Full-text · Article · Dec 2012 · Brain
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    • "The recognition that one's limb is " over-present " or " over-able " typically emerges during early childhood or puberty (First 2005). The target limb is usually physically and functionally normal and even attractive (although see: Blanke et al. 2009; Giummarra et al. 2011), and diagnostic criteria have excluded the presence of psychotic disorder (Ryan 2009; Schlozman 1998). A minority of individuals with BIID proceed to the realization of the desire, and isolated reports testify a subjective increase in quality of life (Braam and de Boer-Kreeft 2009; First 2005), although systematic post-amputation investigations are lacking. "
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    ABSTRACT: Body integrity identity disorder (BIID) is characterised by profound experience of incongruity between the biological and desired body structure. The condition manifests in "non-belonging" of body parts, and the subsequent desire to amputate, paralyse or disable a limb. Little is known about BIID; however, a neuropsychological model implicating right fronto-parietal and insular networks is emerging, with potential disruption to body representation. We argue that, as there is scant systematic research on BIID published to date and much of the research is methodologically weak, it is premature to assume that the only process underlying bodily experience that is compromised is body representation. The present review systematically investigates which aspects of neurological processing of the body, and sense of self, may be compromised in BIID. We argue that the disorder most likely reflects dysregulation in multiple levels of body processing. That is, the disunity between self and the body could arguably come about through congenital and/or developmental disruption of body representations, which, together with altered multisensory integration, may preclude the experience of self-attribution and embodiment of affected body parts. Ulimately, there is a need for official diagnostic criteria to facilitate epidemiological characterisation of BIID, and for further research to systematically investigate which aspects of body representation and processing are truly compromised in the disorder.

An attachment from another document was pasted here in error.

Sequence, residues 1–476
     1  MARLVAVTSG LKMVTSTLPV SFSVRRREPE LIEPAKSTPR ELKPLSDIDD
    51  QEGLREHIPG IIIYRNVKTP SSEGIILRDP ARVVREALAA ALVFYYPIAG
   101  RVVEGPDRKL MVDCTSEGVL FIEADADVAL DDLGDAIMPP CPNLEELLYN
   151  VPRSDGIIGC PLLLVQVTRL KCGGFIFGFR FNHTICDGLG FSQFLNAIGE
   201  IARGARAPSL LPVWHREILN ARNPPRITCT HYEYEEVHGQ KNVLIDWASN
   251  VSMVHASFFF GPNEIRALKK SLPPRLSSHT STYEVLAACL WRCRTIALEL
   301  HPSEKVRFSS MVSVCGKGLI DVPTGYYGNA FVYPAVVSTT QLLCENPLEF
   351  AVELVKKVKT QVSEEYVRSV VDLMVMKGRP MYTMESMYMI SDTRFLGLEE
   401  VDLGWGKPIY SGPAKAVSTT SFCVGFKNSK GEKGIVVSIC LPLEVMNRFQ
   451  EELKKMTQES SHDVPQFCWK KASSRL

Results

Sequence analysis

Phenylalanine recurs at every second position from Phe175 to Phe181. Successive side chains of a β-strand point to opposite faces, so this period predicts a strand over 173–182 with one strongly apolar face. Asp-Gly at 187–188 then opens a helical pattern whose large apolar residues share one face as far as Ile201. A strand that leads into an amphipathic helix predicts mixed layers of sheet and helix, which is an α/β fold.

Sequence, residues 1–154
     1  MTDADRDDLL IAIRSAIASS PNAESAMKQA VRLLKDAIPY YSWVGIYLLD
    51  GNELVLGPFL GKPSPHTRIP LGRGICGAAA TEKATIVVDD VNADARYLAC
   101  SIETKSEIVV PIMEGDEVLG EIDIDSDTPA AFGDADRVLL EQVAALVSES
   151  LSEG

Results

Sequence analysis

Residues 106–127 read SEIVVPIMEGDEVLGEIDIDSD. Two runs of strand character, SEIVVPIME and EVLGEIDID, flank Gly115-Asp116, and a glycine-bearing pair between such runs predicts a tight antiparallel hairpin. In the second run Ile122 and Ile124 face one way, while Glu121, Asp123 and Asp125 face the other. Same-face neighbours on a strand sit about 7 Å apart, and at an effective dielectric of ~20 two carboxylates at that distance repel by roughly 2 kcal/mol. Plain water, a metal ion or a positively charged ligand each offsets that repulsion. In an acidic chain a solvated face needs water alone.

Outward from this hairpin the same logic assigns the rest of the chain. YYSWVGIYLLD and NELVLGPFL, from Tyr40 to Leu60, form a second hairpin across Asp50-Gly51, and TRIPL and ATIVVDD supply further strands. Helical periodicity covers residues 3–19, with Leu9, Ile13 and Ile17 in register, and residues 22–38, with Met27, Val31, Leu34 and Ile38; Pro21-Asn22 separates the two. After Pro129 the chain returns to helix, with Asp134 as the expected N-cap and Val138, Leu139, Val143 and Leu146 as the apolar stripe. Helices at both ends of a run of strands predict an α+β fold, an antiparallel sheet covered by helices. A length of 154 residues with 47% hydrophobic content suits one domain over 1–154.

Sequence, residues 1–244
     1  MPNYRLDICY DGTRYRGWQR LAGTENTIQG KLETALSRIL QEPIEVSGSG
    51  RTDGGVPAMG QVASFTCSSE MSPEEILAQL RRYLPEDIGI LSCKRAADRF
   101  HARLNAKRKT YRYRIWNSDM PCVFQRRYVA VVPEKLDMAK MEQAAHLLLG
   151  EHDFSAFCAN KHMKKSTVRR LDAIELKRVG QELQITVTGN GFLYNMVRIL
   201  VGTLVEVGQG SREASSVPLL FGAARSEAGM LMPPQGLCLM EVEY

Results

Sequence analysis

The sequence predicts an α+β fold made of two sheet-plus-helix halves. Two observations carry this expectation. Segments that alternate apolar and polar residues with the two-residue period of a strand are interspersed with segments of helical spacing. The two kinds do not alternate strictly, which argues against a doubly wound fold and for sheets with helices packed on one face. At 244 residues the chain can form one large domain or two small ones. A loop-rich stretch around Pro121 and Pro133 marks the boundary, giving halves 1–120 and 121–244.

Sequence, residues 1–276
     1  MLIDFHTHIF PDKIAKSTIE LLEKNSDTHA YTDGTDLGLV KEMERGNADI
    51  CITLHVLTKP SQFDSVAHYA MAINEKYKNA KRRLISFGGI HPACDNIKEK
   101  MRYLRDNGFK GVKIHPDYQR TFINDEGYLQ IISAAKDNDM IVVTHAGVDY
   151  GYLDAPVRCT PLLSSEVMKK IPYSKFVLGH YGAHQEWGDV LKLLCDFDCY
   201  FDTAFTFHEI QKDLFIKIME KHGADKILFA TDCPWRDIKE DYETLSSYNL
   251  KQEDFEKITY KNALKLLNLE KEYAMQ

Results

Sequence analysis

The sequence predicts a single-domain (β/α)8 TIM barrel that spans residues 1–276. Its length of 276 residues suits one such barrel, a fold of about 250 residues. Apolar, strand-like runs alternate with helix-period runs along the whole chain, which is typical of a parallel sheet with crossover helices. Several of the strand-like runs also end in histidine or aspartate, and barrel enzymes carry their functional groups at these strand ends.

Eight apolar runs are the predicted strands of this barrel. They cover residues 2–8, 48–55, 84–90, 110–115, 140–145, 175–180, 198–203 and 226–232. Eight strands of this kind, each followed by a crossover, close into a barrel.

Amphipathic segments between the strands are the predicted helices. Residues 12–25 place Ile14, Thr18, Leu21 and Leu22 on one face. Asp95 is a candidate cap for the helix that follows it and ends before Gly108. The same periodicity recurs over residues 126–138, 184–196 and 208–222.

Full-text · Article · Nov 2011 · Neuropsychology Review